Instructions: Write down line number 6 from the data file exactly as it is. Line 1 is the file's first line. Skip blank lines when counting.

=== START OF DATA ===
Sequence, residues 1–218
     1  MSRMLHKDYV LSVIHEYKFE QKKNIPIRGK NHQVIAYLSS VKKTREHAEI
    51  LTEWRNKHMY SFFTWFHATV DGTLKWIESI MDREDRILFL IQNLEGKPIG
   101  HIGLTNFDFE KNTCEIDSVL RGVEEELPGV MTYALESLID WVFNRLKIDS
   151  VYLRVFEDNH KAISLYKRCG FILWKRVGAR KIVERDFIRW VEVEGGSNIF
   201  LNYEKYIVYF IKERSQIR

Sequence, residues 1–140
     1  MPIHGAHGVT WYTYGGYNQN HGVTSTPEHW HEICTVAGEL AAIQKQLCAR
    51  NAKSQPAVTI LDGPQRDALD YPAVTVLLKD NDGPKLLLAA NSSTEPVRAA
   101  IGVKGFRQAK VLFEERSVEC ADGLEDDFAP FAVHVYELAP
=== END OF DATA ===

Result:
   201  LNYEKYIVYF IKERSQIR